Texas Department of Public Safety pilots monitor the Rio Grande River near Los Ebanos, Texas.
Credit Bill Kostroun / AP
Texas Gov. Rick Perry speaks at a fundraising event for the New York GOP earlier this month. Some think he may be highlighting border security in anticipation of a run for the White House.
Credit John Burnett / NPR
When a group of suspected illegal crossers spots DPS helicopters hovering over the Rio Grande, they run and hop back into this truck which speeds away from the river near Reynosa, Mexico.
Note: This is the first of a two-part series
The federal government claims the southwest border is more secure than it's ever been. There are more agents and barriers, more choppers, drones, sensors and hi-tech cameras than ever before.
Yet, state officials in Texas maintain the illegal flow of people and drugs is worse than ever — proof, they say, the border is out of control. To back up his rhetoric, Texas Gov. Rick Perry has declared his own war on the traffickers.
A Marine walks along a mud wall while conducting a search and clearing operation in Afghanistan's Helmand province, as the dust from a wheat thrashing machine falls like snow.
A very small number of Americans are now serving in the military — less than 1 percent. Some are looking for direction; others are inspired by a sense of patriotism or by a family member who served in an earlier war. In the series Who Serves, NPR looks at the troops who have made a decision few others have — to fight in America's wars.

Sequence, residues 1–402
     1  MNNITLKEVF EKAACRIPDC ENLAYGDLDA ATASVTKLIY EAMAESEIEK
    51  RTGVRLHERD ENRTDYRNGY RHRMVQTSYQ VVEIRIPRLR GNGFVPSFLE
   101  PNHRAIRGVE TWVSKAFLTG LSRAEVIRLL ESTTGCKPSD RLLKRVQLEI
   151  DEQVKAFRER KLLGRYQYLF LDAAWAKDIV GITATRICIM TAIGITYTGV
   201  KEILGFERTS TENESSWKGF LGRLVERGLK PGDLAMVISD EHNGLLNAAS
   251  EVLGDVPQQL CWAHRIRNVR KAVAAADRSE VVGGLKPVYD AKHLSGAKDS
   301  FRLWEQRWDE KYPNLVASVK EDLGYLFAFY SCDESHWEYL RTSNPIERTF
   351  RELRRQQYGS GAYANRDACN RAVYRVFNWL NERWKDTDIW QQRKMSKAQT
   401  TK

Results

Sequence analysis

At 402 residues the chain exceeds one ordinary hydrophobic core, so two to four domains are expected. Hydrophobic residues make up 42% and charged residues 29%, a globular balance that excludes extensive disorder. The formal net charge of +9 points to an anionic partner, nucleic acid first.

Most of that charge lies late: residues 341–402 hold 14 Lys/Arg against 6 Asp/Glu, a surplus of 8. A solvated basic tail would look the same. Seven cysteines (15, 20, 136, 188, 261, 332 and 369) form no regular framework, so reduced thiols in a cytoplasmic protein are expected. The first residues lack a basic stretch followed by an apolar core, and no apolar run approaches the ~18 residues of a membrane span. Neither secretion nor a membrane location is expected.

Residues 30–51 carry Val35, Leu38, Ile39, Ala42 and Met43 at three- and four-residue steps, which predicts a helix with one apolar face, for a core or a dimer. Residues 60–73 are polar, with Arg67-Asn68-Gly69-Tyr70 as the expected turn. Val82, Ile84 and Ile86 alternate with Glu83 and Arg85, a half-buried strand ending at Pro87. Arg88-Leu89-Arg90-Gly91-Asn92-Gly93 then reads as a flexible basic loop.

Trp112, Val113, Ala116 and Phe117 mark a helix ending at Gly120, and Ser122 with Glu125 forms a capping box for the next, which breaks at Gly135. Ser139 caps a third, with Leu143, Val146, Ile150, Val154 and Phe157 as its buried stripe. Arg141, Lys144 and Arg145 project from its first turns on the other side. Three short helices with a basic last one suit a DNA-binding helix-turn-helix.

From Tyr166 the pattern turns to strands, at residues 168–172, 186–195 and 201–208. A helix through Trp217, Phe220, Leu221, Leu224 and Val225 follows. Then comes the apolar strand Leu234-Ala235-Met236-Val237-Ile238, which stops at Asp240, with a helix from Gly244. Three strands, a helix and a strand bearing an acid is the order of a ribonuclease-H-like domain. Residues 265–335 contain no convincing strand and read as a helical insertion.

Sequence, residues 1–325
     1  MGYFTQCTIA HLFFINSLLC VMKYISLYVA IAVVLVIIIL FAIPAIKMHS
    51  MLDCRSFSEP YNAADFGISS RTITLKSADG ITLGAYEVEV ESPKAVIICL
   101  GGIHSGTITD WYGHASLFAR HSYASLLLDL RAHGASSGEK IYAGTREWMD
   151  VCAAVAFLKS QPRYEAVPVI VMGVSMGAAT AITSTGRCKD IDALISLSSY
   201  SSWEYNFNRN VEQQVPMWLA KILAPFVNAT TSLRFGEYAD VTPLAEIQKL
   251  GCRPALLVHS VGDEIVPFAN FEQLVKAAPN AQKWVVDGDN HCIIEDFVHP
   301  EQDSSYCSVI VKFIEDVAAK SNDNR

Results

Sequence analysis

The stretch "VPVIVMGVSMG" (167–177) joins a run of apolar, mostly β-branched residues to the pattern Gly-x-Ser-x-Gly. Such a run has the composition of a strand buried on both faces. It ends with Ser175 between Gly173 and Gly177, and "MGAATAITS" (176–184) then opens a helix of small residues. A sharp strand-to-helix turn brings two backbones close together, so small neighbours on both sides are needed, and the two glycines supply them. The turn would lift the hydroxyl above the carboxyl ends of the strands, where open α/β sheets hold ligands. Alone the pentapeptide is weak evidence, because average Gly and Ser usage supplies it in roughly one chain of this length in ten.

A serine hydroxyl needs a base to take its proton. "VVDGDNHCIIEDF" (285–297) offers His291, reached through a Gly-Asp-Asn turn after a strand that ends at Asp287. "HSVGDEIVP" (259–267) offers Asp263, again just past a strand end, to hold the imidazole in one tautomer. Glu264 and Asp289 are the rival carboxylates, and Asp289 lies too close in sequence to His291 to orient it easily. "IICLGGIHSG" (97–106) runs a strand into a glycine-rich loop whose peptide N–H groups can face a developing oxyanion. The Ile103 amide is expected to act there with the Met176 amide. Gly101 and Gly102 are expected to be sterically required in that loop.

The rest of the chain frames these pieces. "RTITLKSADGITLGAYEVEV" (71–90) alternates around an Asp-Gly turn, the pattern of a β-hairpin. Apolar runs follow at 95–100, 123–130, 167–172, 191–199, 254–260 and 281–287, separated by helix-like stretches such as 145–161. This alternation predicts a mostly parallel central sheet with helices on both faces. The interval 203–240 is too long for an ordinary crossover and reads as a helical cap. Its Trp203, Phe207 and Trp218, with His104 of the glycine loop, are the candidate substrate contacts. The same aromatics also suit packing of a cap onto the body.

In 1985, Chris Turner was convicted of the murder of Catherine Fuller. After spending decades in prison, Turner is now out on parole; he maintains his innocence. He is shown here in his childhood neighborhood in Northeast Washington, D.C., about 100 yards away from what was Fuller's home.
Credit Tim Cammett / M. Layton Photography
Turner took the field at the Washington Nationals baseball stadium, where he was recently honored as an employee of the month.
Credit Courtesy of Chris Turner
Chris Turner stands with his son, Chris Elliott, at the U.S. Penitentiary in Allenwood, Pa., about 16 years ago.
In the fall of 1984, in a rain-soaked alley in Washington, D.C., a street vendor found a tiny woman lying dead on the floor of a garage.
She was Catherine Fuller, a mother of six, who left home to run a quick errand and never came back. She had been beaten, sexually assaulted and killed all within sight of a busy public street.
The murder horrified and frightened the city. Over the next few months, police arrested 17 people in connection with the crime.
Peggy O'Brien Murphy receives a massage from therapist Loretta Lanz. O'Brien Murphy was among the participants in a study that found both relaxation and deep tissue massage are effective treatments for lower back pain.
Low back pain is second only to cold symptoms when it comes to complaints that send people to the doctor. Sooner or later, back pain seems to get most of us.
Now, a study in the July 5 issue of the Annals of Internal Medicine shows that massage is an effective treatment for lower back pain. In some cases, researchers report, the benefits of massage lasted for six months or longer.